Environmental Science and Pollution Research

, Volume 25, Issue 15, pp 15057–15067 | Cite as

Impact of economic growth, nonrenewable and renewable energy consumption, and urbanization on carbon emissions in Sub-Saharan Africa

  • Imran HanifEmail author
Research Article


The present study explores the impact of economic growth; urban expansion; and consumption of fossil fuels, solid fuels, and renewable energy on environmental degradation in developing economies of Sub-Saharan Africa. To demonstrate its findings in detail, the study adopts a system generalized method of moment (GMM) on a panel of 34 emerging economies for the period from 1995 to 2015. The results describe that the consumption of fossil and solid fuels for cooking and expansion of urban areas are significantly contributing to carbon dioxide emissions, on one end, and stimulating air pollution, on the other. The results also exhibit an inverted U-shape relationship between per capita economic growth and carbon emissions. This relation confirms the existence of an environmental Kuznets curve (EKC) in middle- and low-income economies of Sub-Saharan Africa. Furthermore, the findings reveal that the use of renewable energy alternatives improves air quality by controlling carbon emissions and lowering the direct interaction of households with toxic gases. Thus, the use of renewable energy alternatives helps the economies to achieve sustainable development targets.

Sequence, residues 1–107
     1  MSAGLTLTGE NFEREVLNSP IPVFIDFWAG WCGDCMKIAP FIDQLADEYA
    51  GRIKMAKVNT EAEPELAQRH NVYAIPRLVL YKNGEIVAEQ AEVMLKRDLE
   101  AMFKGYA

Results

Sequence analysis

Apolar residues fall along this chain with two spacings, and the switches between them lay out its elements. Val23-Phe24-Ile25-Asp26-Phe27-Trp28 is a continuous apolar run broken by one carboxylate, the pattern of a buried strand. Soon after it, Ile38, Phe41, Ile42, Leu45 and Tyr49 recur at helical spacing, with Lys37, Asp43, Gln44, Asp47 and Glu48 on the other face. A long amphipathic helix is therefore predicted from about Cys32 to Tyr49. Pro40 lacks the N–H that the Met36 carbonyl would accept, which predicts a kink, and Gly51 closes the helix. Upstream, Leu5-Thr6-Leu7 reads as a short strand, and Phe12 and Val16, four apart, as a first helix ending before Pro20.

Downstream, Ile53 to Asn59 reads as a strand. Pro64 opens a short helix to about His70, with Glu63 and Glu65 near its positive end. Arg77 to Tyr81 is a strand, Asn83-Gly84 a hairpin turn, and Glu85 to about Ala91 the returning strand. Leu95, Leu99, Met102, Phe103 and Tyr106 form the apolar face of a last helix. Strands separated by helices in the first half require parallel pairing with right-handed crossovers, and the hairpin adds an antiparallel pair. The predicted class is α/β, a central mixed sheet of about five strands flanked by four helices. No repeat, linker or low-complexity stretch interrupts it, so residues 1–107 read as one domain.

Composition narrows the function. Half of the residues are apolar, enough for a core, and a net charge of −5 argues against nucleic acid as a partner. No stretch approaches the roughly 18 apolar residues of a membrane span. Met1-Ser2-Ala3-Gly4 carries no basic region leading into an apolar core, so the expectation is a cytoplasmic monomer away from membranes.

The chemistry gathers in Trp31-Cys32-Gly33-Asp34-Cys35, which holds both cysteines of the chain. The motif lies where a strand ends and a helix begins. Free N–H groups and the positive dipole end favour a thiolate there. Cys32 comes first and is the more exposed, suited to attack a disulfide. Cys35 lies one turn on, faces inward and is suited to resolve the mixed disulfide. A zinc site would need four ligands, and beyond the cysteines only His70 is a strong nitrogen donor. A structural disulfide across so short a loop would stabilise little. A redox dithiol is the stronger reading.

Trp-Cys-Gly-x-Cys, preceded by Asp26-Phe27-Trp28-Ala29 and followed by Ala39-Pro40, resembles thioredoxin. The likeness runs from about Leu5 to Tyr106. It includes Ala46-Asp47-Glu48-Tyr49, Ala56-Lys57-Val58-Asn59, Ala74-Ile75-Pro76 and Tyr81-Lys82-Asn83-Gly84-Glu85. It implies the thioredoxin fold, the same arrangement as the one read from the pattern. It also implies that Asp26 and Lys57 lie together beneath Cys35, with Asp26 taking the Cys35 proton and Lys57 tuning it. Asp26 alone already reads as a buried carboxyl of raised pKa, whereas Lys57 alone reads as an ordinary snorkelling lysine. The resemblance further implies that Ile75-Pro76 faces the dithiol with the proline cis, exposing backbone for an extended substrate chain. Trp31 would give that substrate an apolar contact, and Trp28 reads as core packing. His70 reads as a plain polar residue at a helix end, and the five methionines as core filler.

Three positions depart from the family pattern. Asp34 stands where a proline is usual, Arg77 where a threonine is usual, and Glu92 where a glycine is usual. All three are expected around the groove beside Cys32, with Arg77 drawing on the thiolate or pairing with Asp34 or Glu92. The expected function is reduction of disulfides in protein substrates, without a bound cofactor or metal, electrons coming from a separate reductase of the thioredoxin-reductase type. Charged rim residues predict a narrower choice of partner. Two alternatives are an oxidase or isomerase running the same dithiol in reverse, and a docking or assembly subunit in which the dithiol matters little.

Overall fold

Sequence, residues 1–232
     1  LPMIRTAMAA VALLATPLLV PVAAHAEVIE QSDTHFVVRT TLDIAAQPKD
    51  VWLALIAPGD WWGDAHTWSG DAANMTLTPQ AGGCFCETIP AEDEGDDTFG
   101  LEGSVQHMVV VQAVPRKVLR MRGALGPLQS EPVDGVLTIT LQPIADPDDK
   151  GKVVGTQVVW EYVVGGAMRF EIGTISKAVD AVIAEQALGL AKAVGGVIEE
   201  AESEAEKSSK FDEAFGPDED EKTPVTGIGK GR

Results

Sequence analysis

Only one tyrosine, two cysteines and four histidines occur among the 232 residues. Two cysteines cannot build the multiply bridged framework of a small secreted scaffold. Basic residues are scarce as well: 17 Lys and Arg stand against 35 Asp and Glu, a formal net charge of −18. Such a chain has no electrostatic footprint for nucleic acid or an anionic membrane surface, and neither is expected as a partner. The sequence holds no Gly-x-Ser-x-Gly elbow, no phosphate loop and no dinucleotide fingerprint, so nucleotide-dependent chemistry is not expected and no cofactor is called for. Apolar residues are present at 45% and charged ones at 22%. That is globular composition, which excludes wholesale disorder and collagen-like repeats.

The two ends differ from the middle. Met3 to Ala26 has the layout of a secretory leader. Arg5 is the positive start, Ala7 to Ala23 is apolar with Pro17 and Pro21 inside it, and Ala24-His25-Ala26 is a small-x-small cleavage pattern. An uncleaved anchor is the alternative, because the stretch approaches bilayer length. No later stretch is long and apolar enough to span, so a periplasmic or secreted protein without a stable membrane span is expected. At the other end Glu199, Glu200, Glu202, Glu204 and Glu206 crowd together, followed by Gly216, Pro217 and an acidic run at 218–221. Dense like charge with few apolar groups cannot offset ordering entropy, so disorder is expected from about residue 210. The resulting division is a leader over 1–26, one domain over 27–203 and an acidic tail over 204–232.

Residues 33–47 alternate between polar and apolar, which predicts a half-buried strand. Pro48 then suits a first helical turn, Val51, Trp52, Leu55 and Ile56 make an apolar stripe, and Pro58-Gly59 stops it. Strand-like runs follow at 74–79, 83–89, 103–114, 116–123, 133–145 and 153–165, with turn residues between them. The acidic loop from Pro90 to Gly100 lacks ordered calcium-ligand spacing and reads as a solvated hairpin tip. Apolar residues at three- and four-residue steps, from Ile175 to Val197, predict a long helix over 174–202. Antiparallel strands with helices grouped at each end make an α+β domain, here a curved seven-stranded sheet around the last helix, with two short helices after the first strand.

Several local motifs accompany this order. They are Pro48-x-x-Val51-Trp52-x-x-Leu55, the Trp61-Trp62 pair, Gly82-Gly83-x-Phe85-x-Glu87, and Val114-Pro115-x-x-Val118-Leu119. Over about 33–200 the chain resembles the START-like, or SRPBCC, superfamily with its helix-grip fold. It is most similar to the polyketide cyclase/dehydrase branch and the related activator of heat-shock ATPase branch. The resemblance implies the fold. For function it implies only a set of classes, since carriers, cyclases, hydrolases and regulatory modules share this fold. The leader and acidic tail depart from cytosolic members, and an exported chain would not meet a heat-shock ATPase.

Carbon emissions Developing economies Economic growth Fossil fuels Renewable energy Solid fuels 


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Copyright information

© Springer-Verlag GmbH Germany, part of Springer Nature 2018

Authors and Affiliations

  1. 1.Department of EconomicsNUR International UniversityLahorePakistan

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